Eavestrough (or eaves gutter if you are coming from outside Canada) carries water from a pitched roof. The channelling of rainwater away from the exterior of the foundation and the wall is important in that it prevents dampness and eventual damage and it prevents wet rot in timber and mould growth. Eavestrough also collect water for drinking or other purposes.
At BRENO Roofing Inc., we offer eavestrough repair, replacement, and cleaning services, as well as new eavestrough installation. You should do eavestrough installation if the eavestrough is damaged beyond salvage. So, what do you expect from us during the replacement process?
Step 1: Evaluating and planning the project
Step 2: Measure the house and draw a sketch
- We often locate downspouts in unobstructed areas (we avoid obstructions like electric meters, sidewalks, and hose bibs) for effective redirection of water away from the house.
- Because of the web climate in Ontario, we recommend oversized 3 x 4-inch downspouts on eavestrough.
- We slope long eavestrough runs (those over 40 feet) from the middle to down both directions and put downspout on either end.
- We recommend special roof hanger mounting straps where the fascias are not present or are not vertical.
We then cut the eavestrough with tin snips and bend and cut the bottom. We usually preassemble it on the ground because it is easier than working atop the ladder. Most manufacturers recommend that you butt parts together and then cover the joints with seam covers, but we find lapping all seams from 2 to 4 inches and then caulking and riveting them together to be more effective.
We always leave the better-looking factory-cut end on the outside. We lap the eavestrough to ensure the inside section faces downhill (to ensure water is not forced out the seam). Where the eavestrough ends, we cut with a 1 inch extension past the fascia board end to ensure water from overhanging shingles is collected. We will then use rivets and sealant on the joint.
Step 3: Addition of outlets and downspouts
Step 4: Hanging eavestrough sections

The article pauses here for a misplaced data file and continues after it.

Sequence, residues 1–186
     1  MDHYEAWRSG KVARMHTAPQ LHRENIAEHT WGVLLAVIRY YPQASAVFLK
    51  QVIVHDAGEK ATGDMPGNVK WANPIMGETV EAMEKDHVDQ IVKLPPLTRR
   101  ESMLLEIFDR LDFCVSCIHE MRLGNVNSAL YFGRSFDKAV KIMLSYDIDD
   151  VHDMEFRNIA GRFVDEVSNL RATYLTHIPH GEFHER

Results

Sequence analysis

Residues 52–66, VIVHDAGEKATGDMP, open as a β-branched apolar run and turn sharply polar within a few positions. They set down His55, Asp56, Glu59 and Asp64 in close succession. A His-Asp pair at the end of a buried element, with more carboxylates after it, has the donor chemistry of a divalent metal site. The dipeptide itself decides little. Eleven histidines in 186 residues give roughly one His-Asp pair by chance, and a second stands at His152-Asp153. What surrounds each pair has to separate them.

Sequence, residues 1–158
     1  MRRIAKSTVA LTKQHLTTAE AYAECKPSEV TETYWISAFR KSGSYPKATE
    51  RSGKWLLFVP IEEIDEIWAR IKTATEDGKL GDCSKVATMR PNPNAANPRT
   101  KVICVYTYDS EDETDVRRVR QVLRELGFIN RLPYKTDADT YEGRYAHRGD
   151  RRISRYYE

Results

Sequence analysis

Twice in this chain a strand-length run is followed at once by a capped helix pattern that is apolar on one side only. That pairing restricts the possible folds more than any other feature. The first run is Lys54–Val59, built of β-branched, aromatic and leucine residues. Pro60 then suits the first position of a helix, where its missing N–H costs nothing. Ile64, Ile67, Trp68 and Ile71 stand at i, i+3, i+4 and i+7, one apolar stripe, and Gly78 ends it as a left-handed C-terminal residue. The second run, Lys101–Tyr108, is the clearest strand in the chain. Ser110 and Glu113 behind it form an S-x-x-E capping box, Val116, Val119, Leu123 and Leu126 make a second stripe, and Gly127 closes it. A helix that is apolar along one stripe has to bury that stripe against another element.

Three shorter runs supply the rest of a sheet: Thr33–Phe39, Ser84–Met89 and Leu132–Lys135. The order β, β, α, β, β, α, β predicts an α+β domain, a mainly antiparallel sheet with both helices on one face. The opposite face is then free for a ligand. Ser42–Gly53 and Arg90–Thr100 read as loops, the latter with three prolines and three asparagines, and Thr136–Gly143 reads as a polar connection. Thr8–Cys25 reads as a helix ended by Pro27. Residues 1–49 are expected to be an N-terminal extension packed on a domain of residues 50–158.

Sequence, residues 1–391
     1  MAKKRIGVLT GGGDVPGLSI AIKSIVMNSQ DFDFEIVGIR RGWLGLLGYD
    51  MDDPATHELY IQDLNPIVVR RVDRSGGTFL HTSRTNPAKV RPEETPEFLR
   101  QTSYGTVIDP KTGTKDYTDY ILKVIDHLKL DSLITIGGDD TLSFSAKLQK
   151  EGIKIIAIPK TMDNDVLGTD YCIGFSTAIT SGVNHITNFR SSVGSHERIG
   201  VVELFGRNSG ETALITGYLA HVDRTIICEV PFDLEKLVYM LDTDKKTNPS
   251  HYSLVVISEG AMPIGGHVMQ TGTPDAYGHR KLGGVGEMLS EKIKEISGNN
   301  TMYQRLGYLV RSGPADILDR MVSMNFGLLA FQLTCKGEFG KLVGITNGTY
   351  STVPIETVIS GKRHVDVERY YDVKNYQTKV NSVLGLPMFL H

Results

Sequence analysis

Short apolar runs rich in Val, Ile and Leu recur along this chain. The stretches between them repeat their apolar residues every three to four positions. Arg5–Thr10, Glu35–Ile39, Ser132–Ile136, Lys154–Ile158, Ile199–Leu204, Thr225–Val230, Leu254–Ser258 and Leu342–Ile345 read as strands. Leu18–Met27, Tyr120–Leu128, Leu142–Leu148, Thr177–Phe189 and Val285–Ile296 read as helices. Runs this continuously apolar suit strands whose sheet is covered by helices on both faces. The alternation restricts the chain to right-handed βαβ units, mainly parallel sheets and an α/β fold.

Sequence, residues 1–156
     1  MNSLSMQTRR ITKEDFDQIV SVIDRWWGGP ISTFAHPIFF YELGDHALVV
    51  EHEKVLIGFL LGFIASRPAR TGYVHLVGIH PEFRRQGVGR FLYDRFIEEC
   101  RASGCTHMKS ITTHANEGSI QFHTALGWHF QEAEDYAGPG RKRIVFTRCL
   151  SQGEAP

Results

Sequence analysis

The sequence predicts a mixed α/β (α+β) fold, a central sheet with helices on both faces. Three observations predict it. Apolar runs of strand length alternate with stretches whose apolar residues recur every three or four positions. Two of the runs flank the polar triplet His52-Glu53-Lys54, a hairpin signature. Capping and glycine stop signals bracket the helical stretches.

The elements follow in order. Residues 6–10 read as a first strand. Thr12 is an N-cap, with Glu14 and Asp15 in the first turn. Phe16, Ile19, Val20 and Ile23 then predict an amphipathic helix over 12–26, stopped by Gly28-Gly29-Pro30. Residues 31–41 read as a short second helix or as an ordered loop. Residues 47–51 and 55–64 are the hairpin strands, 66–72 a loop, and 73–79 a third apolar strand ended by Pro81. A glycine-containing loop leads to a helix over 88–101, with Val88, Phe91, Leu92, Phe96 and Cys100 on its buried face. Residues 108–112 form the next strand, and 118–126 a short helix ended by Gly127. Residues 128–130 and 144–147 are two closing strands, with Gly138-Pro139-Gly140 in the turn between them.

At BRENO Roofing Inc., we offer eavestrough repair, replacement, and cleaning services, as well as new eavestrough installation
Step 5: Install flashing and hangers
Step 6: Installing downspouts
Step 7: Testing
At BRENO Roofing, we always test eavestroughs after installation. The simple and obvious way of doing this is pouring water on the roof and observing if there are any leaks, and fixing the problem if leaks are present.
So, how do you know you need eavestrough replacement in the first place?
The signs to look for include:
- Over half a dozen holes, cracks, or rust spots. A few of these can be fixed with sealant or a little flashing, but if you find over half a dozen, this is indicative that the eavestrough is at the end of its life.
- If you keep fixing broken fasteners and the problem persists, the problem may be the eavestroughs and they will need to be replaced.
- If you find screws and nails on the ground even after replacement, this is indicative of eavestrough wear.
- Eavestrough systems only work if they are in a continuous channel. If they separate frequently, you may need to replace the entire system.
- If eavestroughs are pulling away from the roof even after hammering in the fasteners, do an eavestrough replacement to fix the likely fascia problem.
- If the eavestroughs are sagging or are improperly-pitched, this will lead to the pooling of water in some sections, resulting in spillage and corrosion. If you are unable to fix this issue, you may need to replace the entire eavestrough system.
- Peeling exterior paint is a sign that the eavestrough is pulling away from the roof, allowing water to seep down the rear edge. To avoid damage to the wall, do eavestrough repair and replacement if repair doesn’t work.
- If you have eroded landscaping and flooded basement, this is indicative of seepage.